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Truro planning a renewable business park

Cornwall council has granted planning consent for a wind monitoring mast to be erected at a site near Truro, which is set to house several renewable energy schemes including a wind turbine and a biomass power plant.

The Environment Agency is backing the ‘Wheal Jane Masterplan', which aims to develop a sustainable earth science business cluster, incorporating a single wind turbine, two small-scale hydro-power schemes, ground source geothermal heating, a biomass power plant and a photovoltaic solar farm.

The ‘zero-carbon sustainable business park' will be located at a decommissioned tin mine at Wheal Jane, near Truro.

Commenting on the consent for the monitoring mast, director of marketing and property at the Wheal Jane Group, Bernard Ballard, said: "The monitoring mast is a temporary structure to gather data as part of the wind energy investigation on the site.

"Our work on the green energy plan as a whole is also progressing well."

According to the Wheal Jane Group, the site could be self-sufficient in its energy demands and will be able to export any surplus power to the national grid. The development will also include a number of zero carbon workshops and office buildings.

A key aspect of the project is to capitalise on the site's natural resources to generate its energy needs. The hydropower scheme, for example, will be powered by an existing waste water stream using the flow of water from the mine water treatment plant at Wheal Jane, which is operated by the Environment Agency.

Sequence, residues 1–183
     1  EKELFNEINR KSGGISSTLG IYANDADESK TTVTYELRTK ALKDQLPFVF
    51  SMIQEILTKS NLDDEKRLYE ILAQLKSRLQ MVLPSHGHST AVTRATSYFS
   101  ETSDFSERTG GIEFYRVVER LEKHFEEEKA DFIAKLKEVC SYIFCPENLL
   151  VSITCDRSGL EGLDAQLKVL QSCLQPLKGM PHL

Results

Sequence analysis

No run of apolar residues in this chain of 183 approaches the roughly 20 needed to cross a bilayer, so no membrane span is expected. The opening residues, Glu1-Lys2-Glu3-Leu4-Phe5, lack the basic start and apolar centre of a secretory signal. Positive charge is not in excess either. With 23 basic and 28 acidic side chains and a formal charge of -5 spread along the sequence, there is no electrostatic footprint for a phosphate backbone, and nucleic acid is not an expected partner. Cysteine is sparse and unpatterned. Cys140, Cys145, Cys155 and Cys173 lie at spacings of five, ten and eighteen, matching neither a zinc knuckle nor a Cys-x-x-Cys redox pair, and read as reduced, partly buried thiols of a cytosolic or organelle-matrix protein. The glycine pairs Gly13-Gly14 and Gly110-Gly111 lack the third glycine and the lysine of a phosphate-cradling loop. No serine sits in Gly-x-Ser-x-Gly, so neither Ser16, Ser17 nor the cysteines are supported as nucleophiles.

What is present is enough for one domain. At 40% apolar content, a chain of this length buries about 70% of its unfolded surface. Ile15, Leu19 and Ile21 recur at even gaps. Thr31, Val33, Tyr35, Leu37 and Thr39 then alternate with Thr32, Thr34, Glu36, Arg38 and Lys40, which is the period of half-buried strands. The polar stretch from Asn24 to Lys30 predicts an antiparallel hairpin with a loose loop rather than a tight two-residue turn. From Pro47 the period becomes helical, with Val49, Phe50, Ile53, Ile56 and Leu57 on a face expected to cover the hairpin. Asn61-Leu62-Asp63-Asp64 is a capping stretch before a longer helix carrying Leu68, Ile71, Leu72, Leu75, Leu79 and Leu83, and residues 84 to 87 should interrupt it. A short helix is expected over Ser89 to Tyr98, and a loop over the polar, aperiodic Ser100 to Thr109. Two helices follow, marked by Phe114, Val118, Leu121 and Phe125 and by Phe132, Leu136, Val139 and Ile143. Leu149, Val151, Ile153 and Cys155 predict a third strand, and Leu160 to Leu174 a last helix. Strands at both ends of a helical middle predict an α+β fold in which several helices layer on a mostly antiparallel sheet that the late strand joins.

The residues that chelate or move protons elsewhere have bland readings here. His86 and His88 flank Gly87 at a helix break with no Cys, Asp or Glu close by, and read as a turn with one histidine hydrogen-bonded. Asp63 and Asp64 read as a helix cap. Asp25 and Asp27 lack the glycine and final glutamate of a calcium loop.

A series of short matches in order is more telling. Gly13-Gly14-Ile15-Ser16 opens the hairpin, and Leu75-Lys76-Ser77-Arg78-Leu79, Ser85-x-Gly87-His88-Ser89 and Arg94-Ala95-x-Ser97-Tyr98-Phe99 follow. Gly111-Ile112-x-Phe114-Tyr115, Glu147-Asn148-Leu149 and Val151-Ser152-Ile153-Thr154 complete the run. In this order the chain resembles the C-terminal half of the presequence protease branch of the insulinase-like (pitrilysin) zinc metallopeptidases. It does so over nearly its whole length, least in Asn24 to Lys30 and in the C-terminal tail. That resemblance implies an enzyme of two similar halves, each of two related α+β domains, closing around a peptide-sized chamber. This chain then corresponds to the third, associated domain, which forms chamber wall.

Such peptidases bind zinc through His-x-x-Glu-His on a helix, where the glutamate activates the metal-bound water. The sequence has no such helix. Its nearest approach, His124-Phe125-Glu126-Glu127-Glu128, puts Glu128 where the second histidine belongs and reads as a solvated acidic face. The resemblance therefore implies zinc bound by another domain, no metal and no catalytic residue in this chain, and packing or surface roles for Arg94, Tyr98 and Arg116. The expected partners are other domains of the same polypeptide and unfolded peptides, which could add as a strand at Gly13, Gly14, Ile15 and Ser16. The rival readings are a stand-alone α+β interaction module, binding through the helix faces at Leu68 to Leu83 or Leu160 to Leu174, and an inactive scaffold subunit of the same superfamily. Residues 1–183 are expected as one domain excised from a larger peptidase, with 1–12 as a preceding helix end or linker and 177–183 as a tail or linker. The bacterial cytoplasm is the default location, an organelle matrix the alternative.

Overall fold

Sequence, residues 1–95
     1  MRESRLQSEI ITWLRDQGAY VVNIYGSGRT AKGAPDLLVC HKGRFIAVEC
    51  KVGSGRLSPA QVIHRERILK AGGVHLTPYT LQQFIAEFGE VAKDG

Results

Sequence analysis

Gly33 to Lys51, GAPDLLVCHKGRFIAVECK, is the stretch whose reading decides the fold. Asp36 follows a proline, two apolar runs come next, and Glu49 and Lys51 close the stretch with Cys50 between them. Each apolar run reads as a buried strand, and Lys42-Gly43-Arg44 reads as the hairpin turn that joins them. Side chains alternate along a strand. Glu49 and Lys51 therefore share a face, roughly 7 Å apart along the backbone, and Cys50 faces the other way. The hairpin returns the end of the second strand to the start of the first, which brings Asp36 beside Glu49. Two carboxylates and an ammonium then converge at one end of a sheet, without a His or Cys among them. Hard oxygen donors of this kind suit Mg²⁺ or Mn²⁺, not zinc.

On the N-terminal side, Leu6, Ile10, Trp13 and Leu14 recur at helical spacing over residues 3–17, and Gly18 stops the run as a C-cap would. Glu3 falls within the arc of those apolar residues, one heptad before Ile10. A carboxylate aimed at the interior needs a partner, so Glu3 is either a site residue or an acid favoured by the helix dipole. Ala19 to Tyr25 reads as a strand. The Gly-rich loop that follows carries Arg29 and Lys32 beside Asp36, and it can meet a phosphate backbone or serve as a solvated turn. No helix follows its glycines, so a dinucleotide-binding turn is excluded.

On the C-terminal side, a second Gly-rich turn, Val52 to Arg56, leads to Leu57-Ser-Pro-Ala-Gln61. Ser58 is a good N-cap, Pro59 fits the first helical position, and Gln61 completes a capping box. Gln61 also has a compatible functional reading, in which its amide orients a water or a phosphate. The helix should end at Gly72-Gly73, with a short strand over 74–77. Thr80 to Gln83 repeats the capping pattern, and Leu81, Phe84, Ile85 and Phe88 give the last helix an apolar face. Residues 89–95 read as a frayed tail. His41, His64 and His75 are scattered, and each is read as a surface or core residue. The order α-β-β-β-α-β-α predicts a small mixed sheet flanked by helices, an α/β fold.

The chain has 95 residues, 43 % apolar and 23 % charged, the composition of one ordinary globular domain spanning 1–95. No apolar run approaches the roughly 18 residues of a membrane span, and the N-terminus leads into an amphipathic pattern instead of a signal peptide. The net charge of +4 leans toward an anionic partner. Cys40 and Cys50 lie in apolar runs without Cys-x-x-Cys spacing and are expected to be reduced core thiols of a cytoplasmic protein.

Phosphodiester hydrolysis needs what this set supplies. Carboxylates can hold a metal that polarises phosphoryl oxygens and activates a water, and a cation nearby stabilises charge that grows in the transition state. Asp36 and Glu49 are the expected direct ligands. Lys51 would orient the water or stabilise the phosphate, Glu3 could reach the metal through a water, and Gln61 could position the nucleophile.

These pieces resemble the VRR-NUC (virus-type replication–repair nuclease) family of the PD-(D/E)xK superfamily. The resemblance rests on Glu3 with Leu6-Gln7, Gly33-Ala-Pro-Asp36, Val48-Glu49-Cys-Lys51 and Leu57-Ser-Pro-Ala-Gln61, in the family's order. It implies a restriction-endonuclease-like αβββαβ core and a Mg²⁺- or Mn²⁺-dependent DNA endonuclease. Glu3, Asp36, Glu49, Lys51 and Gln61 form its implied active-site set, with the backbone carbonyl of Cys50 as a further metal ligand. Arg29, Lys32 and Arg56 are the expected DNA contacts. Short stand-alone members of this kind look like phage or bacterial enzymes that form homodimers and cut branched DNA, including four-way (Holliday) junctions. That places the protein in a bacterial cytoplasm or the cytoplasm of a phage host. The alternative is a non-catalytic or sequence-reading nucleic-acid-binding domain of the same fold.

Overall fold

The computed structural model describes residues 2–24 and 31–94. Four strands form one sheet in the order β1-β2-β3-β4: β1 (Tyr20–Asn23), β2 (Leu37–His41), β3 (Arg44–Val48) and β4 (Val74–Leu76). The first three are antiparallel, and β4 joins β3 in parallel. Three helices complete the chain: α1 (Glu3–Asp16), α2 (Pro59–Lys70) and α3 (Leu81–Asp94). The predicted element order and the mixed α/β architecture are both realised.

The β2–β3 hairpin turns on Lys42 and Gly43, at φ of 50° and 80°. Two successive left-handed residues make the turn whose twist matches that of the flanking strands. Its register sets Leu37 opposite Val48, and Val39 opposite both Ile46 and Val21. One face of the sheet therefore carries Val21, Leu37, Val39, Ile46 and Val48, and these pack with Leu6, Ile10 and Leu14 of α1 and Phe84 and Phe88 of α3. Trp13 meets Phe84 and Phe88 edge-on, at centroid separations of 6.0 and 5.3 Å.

Mark Pilcher, for the Environment Agency, said: "By supporting development of these renewable energy projects we are helping to limit and adapt to the effects of climate change, reduce our dependency on fossil fuels and help develop a low-carbon economy."

Operating the mine water de-pollution plant at Wheal Jane is energy intensive - often using seven large electric pumps running for 24 hours a day, claims the Environment Agency. However, by diverting the treated water discharge through a hydropower system, the lost energy can be recovered.

"This will create more green electricity to feed in to the national grid, reducing the amount of fossil fuel derived power which needs to be produced," added Mr Pilcher.